5 Crucial Tips for First-Time Soccer Coaches

The start of the soccer season draws upwards of 19 million players to the fields – many for the first time. Among these soccer warriors are the moms and dads that volunteer to serve as coaches. These well-intended surrogates, many with no soccer or coaching experience, are central to the success of the season. Here are five crucial tips for first-time soccer coaches:

1. Team Meeting

Hold a team meeting with the parents. This is an important first step to establishing dialogue with the team. You’ll figure out straight away who will be your staunches allies and who may become troubling families. During this meeting, you must communicate your expectations for the season. Explain that the kids are your central focus and that the goal is to make the season as fun and as developmental as possible. The goal is to develop players. Winning or losing just happens to be a part of this development, but is never the goal. Since you are only one person, ask for assistant coaches. These people fulfill the important roles that will otherwise distract you from coaching: tying shoelaces, blowing noses and holding a hand for a bump or a bruise. Finally, before you leave, gather the best contact information for each family as you will encounter many different situations including separation and divorce.

2. Plan your Sessions

Inexperience in the sport either as a player or as a coach means that you have to be more prepared for your sessions. Even experienced soccer players may be new to coaching young players. It is a different dynamic of holding the attention of young players that may or may not want to be at practice. While preparing:
a. Focus on the basics
b. Don’t be afraid to experiment if your plan isn’t working
c. Don’t form lines. Lines are boring, allow only one player at a time to participate and will ensure players will lose interest.
d. Have a ball for every player. Soccer is an amazing sport that everyone can play at once to grow and develop. One ball per player is critical.
e. Talk for 30 seconds or less to young players. Quick short instructions are best.
f. Give frequent water breaks. This allows you to change the activity and keep the kids interest fresh.
g. Elevate your mind to the kids’ level and talk about the game in terms they’ll understand. Use references to superheroes or relevant cartoon characters to illustrate your points. You can’t imagine the progress when you put the game on their level.

3. Praise – not Criticize

Invest some time into getting to know your players personally. It will pay dividends in motivating them. Kids at younger ages respond to positive enforcement at far greater levels than negative criticism. Use the “sandwich” technique when correcting an issue: 1 compliment, 1 critique finalized with 1 compliment. Kids will learn and grow at their own pace. Exercise patience in their skill development.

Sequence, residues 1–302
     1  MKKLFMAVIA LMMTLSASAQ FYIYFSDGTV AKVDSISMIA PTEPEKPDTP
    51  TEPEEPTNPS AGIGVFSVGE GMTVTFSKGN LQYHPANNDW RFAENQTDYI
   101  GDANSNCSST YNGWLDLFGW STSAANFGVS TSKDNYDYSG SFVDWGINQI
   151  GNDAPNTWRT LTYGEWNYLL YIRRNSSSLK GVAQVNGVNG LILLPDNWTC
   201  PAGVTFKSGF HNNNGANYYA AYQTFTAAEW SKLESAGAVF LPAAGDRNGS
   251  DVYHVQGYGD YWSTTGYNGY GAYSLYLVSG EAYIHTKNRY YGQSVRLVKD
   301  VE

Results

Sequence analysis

4. Make it Fun

If you make it fun, the kids will learn and grow. Why? If your players love soccer, they’ll play it in the backyard with mom and dad and sister and brother. This is where the real development happens – in the backyard. Imagine how each player will want to show off their new move each week. As a coach, be as enthusiastic and positive as possible and you’ll see the kids faces light up. Turn them onto the game! You’ll be amazed at the results.

5. End of Season Party

Hold an end of season party and recognize each player with a “funny award.” This would include things like “Biggest Hustler”, “Craziest Headballer”, “Most Enthusiastic” but should never include “Best Player” which only please one player and disappoint the rest. You (and the players) will find it extremely rewarding to see first hand the development over the course of the season. If the kids have had fun and you’ve turned them onto the game of soccer, you have successfully completed your job as coach.

Congratulations on your first (of many) successful soccer seasons!

About the Author

Jerry Macnamara, an industry veteran since 1990 and a certified expert in US soccer retailing, founded TotallySoccer.com. Revolutionizing the soccer scene, TotallySoccer never discontinues its soccer uniforms or soccer jerseys ensuring every team’s budget is safe. TotallySoccer helps thousands of teams save time, money and tons of stress.